Transparency and data access – these public goods are crucial principals for science. But why don’t researchers implement them? Political scientist Joseph K. Young discusses incentives for reproducibility, and how he is tracking down old replication data for the leading international studies journal ISQ.
Transparency, access, confidence. These three public goods are crucial principals for science. From the moment one begins doing quantitative research, these values are preached. Gary King for at least two decades has advocated building community norms to encourage access to data, transparency in our methods, and confidence in our results through replication. King has built an open data initiative, trained hundreds of Harvard students with these norms, prolifically published his work, then practiced what he preached. What about the rest of us?
Pressure to publish
Young scholars (and
older experienced scholars) are motivated to publish, to get tenure, to work quickly, and to do what is in their self-interest. Preparing replication materials, verifying the results one publishes, and then disseminating these data and replication materials, are often set to the aside in the inevitable rush to career advancement. This is the more benign version. Regardless, there are few incentives, material or otherwise for scholars to follow these best practices.
New data repository for ISQ
With this setting in mind, the lead editor of International Studies Quarterly (ISQ), Dan Nexon tasked me with dealing with this conundrum in the context of the flagship journal for international studies. ISQ, like many other journals, requires authors of quantitative articles to submit data and replication materials with their published articles. We have a new data repository, where anyone can download these materials. These data and practices span from the previous editors at Indiana to present.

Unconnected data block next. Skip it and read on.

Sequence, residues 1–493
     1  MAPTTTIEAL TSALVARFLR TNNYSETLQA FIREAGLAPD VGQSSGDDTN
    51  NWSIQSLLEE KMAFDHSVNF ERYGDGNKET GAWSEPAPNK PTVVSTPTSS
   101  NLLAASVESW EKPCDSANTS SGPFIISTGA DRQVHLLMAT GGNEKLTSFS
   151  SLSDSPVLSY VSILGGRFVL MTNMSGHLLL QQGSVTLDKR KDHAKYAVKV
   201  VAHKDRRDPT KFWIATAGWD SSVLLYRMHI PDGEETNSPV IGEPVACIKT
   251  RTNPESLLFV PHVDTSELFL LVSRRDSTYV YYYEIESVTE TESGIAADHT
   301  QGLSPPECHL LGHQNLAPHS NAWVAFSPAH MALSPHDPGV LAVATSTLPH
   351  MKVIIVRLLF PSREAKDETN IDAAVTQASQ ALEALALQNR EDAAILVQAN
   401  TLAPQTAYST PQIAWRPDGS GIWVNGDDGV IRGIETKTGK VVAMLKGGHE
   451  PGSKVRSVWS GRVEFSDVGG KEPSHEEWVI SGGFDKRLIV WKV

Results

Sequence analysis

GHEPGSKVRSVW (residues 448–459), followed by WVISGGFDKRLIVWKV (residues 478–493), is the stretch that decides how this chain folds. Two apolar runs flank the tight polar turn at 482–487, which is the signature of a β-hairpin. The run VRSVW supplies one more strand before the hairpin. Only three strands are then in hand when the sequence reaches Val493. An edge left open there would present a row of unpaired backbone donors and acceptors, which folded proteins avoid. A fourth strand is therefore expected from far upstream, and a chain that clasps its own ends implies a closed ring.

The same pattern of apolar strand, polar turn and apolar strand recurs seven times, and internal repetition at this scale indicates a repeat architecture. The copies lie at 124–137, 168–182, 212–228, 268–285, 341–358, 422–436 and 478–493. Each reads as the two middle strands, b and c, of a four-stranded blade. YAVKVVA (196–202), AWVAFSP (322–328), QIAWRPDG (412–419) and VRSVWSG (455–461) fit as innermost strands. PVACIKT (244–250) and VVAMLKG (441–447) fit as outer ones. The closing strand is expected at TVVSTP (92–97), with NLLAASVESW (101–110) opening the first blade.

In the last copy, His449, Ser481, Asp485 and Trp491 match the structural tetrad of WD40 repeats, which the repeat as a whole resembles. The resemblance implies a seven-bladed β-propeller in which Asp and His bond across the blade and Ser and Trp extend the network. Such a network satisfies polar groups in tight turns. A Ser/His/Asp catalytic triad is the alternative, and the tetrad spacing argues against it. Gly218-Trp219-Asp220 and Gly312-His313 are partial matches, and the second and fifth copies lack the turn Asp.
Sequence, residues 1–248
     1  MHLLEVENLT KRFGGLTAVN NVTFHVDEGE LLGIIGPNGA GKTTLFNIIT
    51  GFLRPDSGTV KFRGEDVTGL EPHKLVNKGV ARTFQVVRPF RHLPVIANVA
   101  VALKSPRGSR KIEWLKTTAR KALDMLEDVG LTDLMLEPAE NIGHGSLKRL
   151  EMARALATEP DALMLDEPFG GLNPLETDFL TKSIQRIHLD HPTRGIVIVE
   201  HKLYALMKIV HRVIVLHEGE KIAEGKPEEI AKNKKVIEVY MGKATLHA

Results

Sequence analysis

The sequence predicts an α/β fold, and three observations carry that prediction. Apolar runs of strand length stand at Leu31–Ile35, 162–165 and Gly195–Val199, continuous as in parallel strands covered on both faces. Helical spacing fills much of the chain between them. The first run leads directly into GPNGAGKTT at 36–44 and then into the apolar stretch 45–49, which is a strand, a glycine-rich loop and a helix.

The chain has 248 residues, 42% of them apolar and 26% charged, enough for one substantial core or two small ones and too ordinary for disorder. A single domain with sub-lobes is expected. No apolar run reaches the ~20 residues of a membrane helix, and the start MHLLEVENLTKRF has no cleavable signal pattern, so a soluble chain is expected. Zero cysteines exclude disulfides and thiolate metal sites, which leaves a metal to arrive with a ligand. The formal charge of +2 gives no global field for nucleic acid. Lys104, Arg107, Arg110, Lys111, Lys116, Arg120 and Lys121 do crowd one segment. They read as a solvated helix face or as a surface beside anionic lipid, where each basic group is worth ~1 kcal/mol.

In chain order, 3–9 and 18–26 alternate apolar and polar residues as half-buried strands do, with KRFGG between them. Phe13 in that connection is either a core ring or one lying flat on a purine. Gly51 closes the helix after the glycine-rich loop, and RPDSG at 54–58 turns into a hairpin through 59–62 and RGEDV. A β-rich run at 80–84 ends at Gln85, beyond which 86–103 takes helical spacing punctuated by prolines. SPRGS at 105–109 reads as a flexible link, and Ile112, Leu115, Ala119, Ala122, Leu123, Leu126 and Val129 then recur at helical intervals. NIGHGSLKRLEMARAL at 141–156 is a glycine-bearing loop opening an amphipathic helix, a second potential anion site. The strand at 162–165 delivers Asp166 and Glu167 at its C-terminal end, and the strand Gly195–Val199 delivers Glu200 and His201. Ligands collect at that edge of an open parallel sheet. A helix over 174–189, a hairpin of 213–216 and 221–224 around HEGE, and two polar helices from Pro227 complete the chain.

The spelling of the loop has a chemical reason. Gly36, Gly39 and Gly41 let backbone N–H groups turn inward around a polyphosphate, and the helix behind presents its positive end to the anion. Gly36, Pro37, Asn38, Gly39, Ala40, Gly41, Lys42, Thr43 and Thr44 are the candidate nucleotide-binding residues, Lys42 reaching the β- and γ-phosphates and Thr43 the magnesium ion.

Tracking down replication data for older articles
There are a few spots of missing data, but we are actively recovering and filling in those holes. If you received an email from me, congrats on the ISQ publication! I apologize in advance for the annoyance. We either don’t have or don’t know where your data are and want to make them available.
Online replications of forthcoming ISQ articles
To improve reproducibility and replication for our newly published articles, ISQ online has a symposia section where established scholars replicate a forthcoming ISQ article and suggest future avenues for research. Our initial examples include a discussion of autocratic cooperation in the international system and the reasons for US humanitarian assistance.
We have an upcoming symposium on foreign direct investment. This symposium will feature an article by Andrew Kerner. Two leaders in the field, Quan Li from Texas A & M and Nate Jensen from George Washington University, replicate his work and probe and prod the findings, exemplifying how transparency and access increase our confidence in published results and build a foundation for future quality research.
We hope these symposia will provide encouragement to replicate, serve as examples of the value of openness and transparency, and show potential avenues for new ideas and exchanges.
A slightly longer version of this guest post appeared at the ISQ discussion forum.
About Joseph Young
Joseph K. Young is Associate Professor at American University with a joint appointment in the School of Public Affairs and the School of International Service. His research seeks to understand the cross-national causes and consequences of political violence. He has published numerous peer-reviewed articles across academic disciplines, including political science, economics, criminology, and international studies. He is a contributor to the Political Violence @ a Glance blog, and an associate editor for ISQ Online. Twitter: @JosephKYoung.